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Tuning In to TV: Elmo puppeteer accused of underage relationship
The puppeteer who performs as Elmo on "Sesame Street" is taking a leave of absence from the iconic children's show in the wake of allegations that he had a relationship with a 16-year-old boy.
Puppeteer Kevin Clash, 52, has denied the charges, which, according to Sesame Workshop, were first made in June by the accuser, who by then was 23.
"We took the allegation very seriously and took immediate action," Sesame Workshop said in a statement issued Monday. "We met with the accuser twice and had repeated communications with him. We met with Kevin, who denied the accusation."
The organization described the relationship as "unrelated to the workplace." Its investigation found the allegation of underage conduct to be unsubstantiated. But it said Mr. Clash exercised "poor judgment" and was disciplined for violating company policy regarding Internet usage. It offered no details.
"I had a relationship with the accuser," Mr. Clash said in a statement of his own. "It was between two consenting adults and I am deeply saddened that he is trying to characterize it as something other than what it was."
Sex with a person younger than 17 is a felony in New York if the perpetrator is at least 21. It was unclear where the relationship took place, and there is no record of any criminal charge against Mr. Clash in the state.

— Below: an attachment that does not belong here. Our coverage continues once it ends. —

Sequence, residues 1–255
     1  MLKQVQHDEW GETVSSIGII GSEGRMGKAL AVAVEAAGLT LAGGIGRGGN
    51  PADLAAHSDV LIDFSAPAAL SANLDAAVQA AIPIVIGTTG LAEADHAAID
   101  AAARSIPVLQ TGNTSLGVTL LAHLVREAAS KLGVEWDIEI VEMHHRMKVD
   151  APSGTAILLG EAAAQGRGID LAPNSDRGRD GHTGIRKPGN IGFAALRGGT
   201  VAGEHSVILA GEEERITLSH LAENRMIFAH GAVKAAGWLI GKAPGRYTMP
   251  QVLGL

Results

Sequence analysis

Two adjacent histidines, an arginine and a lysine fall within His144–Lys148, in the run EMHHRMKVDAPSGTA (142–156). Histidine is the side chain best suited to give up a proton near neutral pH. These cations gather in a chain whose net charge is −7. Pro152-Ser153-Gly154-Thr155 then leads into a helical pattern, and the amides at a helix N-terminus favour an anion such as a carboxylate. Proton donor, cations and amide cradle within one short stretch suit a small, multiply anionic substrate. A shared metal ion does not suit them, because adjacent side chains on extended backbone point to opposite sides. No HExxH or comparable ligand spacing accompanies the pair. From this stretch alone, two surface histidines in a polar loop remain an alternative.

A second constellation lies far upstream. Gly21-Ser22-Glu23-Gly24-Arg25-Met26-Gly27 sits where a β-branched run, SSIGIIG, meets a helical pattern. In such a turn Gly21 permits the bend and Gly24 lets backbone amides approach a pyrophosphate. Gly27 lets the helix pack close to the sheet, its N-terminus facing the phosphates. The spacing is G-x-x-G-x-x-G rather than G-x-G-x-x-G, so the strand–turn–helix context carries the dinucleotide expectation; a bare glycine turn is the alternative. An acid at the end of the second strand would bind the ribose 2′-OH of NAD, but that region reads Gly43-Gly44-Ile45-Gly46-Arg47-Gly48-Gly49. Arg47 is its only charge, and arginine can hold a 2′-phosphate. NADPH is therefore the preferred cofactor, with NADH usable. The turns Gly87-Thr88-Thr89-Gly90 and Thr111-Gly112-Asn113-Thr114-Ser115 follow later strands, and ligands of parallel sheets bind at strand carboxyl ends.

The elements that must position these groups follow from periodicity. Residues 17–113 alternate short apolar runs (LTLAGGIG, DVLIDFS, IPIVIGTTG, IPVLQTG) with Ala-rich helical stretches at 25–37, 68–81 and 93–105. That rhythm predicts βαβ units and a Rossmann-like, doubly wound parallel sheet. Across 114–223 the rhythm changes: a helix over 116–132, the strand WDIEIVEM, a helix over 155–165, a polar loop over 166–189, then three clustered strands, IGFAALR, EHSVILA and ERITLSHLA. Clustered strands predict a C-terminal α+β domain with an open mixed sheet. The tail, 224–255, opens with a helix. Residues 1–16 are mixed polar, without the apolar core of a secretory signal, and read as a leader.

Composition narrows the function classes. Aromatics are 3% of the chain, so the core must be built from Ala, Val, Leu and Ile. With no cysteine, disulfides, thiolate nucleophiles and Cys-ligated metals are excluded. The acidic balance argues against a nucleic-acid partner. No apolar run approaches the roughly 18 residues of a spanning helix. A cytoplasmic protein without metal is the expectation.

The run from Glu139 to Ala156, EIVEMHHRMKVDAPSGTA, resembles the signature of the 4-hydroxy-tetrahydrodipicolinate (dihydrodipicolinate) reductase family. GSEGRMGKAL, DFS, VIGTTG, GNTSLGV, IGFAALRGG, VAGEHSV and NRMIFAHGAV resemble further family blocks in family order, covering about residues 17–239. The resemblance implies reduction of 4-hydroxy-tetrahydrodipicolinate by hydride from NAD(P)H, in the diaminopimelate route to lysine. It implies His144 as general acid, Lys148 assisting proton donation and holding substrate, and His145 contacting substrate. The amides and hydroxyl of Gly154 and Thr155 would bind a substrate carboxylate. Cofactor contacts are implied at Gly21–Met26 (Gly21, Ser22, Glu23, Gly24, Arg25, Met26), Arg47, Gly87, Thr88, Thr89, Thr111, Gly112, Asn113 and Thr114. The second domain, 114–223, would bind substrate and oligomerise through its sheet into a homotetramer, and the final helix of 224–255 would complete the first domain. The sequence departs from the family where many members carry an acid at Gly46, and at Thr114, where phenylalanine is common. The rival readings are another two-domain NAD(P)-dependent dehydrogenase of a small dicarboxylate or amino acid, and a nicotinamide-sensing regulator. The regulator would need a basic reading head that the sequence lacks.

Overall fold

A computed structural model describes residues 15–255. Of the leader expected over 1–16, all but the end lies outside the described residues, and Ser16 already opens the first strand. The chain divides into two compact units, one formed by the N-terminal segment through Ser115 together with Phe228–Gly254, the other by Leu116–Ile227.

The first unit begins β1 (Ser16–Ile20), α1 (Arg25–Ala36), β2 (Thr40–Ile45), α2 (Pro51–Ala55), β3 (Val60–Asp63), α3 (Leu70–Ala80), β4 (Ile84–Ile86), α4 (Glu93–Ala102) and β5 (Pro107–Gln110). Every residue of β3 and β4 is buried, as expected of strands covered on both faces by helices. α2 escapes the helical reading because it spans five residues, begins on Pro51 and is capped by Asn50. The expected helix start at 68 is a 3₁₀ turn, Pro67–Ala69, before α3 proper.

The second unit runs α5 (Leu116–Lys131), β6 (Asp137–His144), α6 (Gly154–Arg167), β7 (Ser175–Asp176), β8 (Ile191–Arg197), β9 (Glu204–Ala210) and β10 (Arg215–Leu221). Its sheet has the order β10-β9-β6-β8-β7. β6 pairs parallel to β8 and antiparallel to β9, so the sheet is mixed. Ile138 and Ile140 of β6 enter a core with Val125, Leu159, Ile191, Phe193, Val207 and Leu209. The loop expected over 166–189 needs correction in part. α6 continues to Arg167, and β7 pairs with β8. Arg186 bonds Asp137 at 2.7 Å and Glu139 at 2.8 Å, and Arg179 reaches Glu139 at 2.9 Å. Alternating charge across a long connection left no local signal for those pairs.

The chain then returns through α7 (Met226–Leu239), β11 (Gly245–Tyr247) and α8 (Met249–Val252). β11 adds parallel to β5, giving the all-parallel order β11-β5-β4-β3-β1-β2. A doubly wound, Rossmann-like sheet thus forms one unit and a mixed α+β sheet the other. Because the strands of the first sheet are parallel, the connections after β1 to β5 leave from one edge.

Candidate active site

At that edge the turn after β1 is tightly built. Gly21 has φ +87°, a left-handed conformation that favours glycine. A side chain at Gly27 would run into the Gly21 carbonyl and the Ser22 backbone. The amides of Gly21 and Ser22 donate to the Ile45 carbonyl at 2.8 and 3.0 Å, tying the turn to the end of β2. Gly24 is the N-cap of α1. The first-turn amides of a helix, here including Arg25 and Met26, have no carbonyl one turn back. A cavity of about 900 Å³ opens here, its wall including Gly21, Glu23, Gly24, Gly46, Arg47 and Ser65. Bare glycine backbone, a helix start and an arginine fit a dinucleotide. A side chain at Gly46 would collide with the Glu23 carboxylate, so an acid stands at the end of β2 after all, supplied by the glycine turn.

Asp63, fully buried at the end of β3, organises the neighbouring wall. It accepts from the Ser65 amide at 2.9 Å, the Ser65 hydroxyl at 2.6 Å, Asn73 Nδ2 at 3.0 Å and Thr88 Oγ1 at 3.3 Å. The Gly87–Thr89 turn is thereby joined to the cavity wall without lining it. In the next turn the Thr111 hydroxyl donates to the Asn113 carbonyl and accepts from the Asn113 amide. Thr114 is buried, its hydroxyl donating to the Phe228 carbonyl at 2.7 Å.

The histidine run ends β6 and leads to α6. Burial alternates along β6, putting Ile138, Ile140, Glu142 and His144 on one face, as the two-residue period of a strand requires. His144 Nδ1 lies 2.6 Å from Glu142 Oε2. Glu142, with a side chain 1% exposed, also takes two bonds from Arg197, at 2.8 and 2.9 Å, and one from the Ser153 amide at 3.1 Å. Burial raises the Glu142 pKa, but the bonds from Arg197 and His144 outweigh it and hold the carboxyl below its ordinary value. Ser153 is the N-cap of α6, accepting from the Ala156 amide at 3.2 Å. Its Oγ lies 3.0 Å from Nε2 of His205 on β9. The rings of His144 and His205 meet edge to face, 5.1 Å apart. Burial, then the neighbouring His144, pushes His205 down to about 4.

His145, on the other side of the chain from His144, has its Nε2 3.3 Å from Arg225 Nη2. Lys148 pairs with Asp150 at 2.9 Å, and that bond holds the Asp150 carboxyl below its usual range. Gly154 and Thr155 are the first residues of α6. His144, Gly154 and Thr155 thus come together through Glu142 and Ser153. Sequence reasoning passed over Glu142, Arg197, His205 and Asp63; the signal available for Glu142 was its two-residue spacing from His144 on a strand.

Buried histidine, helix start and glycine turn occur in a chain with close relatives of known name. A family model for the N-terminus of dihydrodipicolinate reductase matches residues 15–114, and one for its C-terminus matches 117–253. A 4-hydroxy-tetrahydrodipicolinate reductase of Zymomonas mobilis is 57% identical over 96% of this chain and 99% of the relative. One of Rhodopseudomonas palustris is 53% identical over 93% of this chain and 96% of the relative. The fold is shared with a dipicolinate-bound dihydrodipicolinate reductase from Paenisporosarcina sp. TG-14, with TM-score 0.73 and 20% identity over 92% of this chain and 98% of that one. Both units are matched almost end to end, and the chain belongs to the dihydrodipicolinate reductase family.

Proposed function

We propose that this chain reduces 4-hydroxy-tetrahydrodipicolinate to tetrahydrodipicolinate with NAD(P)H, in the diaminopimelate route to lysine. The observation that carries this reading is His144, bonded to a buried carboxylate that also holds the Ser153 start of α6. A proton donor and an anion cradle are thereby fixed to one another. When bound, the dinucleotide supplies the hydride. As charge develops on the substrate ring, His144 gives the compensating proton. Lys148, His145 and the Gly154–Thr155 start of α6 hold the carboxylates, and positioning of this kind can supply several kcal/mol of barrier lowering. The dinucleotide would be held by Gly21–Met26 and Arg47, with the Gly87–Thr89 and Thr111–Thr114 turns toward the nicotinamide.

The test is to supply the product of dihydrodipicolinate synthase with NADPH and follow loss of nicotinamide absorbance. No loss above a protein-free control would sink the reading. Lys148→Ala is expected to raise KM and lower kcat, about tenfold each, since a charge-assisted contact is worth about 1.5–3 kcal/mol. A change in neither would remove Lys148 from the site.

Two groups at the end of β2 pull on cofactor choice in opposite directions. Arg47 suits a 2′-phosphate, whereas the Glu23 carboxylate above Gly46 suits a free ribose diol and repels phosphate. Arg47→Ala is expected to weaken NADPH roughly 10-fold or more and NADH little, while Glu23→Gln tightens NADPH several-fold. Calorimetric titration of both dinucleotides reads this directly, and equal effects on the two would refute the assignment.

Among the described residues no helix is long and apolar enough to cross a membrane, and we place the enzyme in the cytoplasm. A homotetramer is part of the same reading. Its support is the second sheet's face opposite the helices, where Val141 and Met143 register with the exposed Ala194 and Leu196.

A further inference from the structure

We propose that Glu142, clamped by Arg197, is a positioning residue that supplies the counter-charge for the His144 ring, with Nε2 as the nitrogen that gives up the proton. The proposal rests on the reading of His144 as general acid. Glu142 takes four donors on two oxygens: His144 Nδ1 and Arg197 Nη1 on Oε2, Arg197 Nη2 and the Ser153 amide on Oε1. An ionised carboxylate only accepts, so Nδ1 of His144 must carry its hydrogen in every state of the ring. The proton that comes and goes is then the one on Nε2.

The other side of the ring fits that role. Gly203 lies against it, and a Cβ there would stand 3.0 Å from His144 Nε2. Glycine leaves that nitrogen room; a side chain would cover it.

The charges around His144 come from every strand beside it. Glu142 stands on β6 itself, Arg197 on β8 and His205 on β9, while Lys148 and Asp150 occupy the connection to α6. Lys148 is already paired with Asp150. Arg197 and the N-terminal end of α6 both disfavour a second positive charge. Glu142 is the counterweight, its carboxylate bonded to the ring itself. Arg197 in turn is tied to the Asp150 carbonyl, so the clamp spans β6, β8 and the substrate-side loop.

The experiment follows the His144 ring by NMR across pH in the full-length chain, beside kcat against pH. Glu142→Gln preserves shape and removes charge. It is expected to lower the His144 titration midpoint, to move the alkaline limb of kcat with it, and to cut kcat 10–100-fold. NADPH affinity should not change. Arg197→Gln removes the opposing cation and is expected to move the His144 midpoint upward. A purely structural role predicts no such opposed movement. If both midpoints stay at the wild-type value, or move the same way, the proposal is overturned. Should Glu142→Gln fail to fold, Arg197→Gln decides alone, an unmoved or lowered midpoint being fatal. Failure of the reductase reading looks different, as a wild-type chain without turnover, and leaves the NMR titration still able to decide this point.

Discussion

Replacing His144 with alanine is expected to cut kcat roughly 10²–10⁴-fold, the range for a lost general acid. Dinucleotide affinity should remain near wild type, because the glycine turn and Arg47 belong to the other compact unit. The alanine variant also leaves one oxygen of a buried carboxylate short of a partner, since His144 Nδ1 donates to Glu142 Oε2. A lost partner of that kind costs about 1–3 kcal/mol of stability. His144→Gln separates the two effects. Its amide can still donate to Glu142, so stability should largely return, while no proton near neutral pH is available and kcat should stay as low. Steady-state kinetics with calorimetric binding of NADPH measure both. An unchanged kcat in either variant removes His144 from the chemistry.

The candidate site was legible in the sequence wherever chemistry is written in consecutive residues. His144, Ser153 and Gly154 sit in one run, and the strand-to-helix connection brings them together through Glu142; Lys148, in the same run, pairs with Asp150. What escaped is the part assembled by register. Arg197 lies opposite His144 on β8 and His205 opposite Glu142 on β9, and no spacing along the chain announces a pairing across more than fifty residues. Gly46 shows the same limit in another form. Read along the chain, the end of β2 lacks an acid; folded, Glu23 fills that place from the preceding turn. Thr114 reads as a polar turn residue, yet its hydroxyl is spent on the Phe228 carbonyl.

Mr. Clash, a divorced father of a grown daughter, added, "I am a gay man. I have never been ashamed of this or tried to hide it, but felt it was a personal and private matter.
"I am taking a break from Sesame Workshop to deal with this false and defamatory allegation," he said.
Neither Mr. Clash nor Sesame Workshop indicated how long his absence might be.
"Elmo is bigger than any one person and will continue to be an integral part of 'Sesame Street' to engage, educate and inspire children around the world, as it has for 40 years," Sesame Workshop said in its statement.
"Sesame Street" is in production, but other puppeteers are prepared to fill in for Mr. Clash during his absence, according to a person close to the show who spoke on condition of anonymity because that person was not authorized to publicly discuss details about the show's production.
"Elmo will still be a part of the shows being produced," that person said.
Though usually behind the scenes as Elmo's voice and animator, Mr. Clash has become a star in his own right. In 2006, he published an autobiography, "My Life as a Furry Red Monster," and was the subject of the 2011 documentary "Being Elmo: A Puppeteer's Journey."
He has won 23 daytime Emmy Awards and one prime-time Emmy.
Mr. Clash has been a puppeteer for "Sesame Street" since 1984, when he was handed the fuzzy red puppet with ping-pong-ball eyes and asked to come up with a voice for him. Mr. Clash transformed the character, which had languished as a marginal member of the Muppets family for a number of years, into a major star that rivaled Big Bird as the face of "Sesame Street."
Besides "Sesame Street," Elmo has made guest appearances on dozens of TV shows. He starred in the 1999 feature film "Elmo in Grouchland." And he has inspired a vast product line, notably the Tickle Me Elmo doll, which created a sales sensation with its introduction in 1996.
NBC's 'Revolution' snares Led Zeppelin songs
What tunes fit a postapocalyptic society? For NBC's freshman drama "Revolution," the answer is Led Zeppelin's "Kashmir" and "Since I've Been Loving You."